We had the good fortune of connecting with Hannah Kim and we’ve shared our conversation below.
Hi Hannah, is there something that you feel is most responsible for your success?
When I was in high school, my mentor told me that “I’m not inspired” is not an excuse I get to make as an artist. Inspiration is a thing you can control and create. He said so many artists wait for inspiration to hit them and will only work when that inspiration hits. But he told me that there will be so many times when I don’t feel inspired but have to work, and that’s when I have to inspire myself. I use music, movies, TV, or even snacks and matcha lattes to bribe myself into working. They get me to sit down in front of my iPad and start making art. When I first came to art school, I used to hear my mentor’s voice in my head all the time telling me to inspire myself. And now it’s just become a habit of how I work. But I think that ability, to inspire myself and work when I don’t want to, is a major thing that has helped me be successful.
Can you open up a bit about your work and career? We’re big fans and we’d love for our community to learn more about your work.
My art is an energetic combination of digital and traditional work. I like to thumbnail on my iPad and then trace my sketches onto paper so I can traditionally render them. I grew up doodling in a sketchbook with a yellow Ticonderoga pencil, so that’s still what I use today! When I’m done, I take a picture of my drawings and color them digitally in my iPad. I love using color, lighting, and texture in my work and I want there to always be a sense of movement that makes the characters and their world come to life.
I’ve realized that I actually think more like a musician than a visual artist. When musicians write a song, they try to capture one thought or feeling and use words and instruments to make you feel that specific way. They are meticulous about timing and how they tell you their story. When I draw, I think exactly like that. Most of my work is sequential, so there are multiple images telling one story. I think a lot about how to use all of those images to capture one feeling and tell you a moving story.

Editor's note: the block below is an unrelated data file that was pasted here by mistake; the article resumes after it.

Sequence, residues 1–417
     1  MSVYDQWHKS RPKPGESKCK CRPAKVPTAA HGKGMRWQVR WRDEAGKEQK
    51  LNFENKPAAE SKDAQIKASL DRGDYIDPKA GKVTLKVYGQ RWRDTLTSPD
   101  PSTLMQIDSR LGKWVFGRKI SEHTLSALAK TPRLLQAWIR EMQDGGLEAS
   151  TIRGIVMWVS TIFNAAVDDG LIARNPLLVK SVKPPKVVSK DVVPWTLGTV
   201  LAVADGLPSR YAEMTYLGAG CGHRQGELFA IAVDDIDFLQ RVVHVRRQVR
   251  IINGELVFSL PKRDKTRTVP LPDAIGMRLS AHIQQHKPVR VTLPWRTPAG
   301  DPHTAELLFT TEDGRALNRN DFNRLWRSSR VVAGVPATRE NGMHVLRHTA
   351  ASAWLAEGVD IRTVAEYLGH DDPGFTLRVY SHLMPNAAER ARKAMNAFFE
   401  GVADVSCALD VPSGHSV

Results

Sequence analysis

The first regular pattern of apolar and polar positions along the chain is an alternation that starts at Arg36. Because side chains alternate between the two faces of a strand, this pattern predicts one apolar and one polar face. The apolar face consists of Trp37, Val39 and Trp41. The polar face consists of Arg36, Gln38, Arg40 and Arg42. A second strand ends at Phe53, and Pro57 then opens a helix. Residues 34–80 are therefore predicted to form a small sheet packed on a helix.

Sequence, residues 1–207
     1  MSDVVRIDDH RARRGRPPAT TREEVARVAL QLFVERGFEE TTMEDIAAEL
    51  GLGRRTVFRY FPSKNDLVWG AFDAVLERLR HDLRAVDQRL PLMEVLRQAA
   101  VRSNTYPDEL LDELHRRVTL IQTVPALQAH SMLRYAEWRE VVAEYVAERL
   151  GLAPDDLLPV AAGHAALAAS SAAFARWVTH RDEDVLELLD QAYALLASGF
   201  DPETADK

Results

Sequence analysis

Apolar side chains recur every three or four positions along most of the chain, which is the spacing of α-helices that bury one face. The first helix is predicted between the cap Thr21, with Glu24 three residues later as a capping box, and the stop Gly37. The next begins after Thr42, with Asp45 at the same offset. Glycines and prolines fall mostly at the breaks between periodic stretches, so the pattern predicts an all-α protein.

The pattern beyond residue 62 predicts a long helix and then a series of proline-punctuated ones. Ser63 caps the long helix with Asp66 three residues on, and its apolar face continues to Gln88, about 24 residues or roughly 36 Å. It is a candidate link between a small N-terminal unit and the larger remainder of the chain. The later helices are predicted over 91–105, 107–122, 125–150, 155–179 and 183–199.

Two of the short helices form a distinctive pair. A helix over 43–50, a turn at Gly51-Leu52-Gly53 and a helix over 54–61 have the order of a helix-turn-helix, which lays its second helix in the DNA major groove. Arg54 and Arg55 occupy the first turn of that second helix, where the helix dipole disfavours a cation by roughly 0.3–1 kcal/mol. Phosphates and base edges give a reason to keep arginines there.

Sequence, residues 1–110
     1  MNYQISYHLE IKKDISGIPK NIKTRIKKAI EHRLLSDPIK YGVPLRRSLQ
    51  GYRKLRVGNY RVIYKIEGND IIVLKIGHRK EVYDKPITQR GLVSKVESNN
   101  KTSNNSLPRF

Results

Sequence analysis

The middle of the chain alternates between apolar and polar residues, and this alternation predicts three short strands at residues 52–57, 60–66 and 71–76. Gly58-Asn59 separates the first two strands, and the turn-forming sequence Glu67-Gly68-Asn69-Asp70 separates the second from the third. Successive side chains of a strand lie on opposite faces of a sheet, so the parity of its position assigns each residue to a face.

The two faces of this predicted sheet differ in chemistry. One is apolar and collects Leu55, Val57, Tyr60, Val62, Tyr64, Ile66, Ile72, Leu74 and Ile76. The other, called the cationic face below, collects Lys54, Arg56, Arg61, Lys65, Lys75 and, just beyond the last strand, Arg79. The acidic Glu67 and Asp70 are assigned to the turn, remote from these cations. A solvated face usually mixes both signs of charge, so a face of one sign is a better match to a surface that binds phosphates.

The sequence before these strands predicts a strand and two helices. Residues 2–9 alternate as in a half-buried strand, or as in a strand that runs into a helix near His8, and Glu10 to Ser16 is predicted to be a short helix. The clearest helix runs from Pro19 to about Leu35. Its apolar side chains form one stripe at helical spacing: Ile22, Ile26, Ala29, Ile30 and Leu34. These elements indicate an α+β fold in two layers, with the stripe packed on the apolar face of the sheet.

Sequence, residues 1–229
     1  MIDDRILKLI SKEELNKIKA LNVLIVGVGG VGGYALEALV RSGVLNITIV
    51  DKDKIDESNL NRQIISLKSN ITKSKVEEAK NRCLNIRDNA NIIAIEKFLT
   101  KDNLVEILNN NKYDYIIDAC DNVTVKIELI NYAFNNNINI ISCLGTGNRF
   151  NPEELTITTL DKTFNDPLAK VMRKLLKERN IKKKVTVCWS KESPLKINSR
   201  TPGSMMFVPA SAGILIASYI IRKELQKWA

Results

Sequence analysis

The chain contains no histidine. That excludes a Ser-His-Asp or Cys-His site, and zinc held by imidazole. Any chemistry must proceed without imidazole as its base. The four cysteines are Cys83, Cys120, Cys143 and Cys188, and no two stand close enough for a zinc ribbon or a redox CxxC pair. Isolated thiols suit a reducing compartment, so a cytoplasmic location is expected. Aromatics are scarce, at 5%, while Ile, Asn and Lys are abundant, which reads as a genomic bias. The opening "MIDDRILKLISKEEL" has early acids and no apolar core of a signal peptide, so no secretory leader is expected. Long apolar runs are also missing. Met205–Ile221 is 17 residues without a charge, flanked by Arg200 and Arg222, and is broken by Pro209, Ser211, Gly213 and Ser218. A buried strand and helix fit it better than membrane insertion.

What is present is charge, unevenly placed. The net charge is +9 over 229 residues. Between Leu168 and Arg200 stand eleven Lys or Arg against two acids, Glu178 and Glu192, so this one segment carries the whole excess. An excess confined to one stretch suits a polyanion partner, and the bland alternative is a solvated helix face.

In terms of the actual stories I draw, the heart of them comes from my family. I grew up in a family of storytellers. We’re always telling each other stories about what happened to us during the day, especially the funny or meaningful parts. We love to make each other laugh and tell stories about the joy of life. The kinds of stories I tell my family are now the kind of stories I draw. Even if I’m using my imagination to come up with fantastical characters or ideas, I always am trying to tell stories with the everyday humor and joy that my family has.
Along my artistic journey, I’ve learned to just keep creating. I tend to overthink everything, and I used to think that if I watched enough tutorials or thought really hard about my art I would magically get better. But there is no substitute for just sitting down and making art. Even if you know a ton of artistic stuff in your head, that doesn’t mean you can actual do any of it. Practice is the only way you get better!
Any places to eat or things to do that you can share with our readers? If they have a friend visiting town, what are some spots they could take them to?
If my best friend came to visit me in Chicago, I would take her downtown. We’d take the train and walk around the city, stopping in coffee shops and eating lots of snacks. I personally love the Lincoln Park area and walking along Lake Michigan near the beaches and museums. In the suburbs, where I live, we’d have to get bubble tea (can you tell I like snacks?) and visit Half Price Books and any library book sales happening that week!
Who else deserves some credit and recognition?
Oh there are so many people I could shout out! My mentor that I mentioned earlier, Ben Olson, definitely gets a shout out for all of the advice and encouragement he’s given me. But most of all, I want to shout out my family. They always inspire me and have picked me up and helped me keep going so many times artistically. A big thank you to my sisters who let me flop on their beds and listen to all my complaints about how my storyboards aren’t working or how my hand is tired from drawing. And a huge thank you to my parents who have encouraged me to pursue my dream and have always believed in me and my sisters in whatever goal we set for ourselves.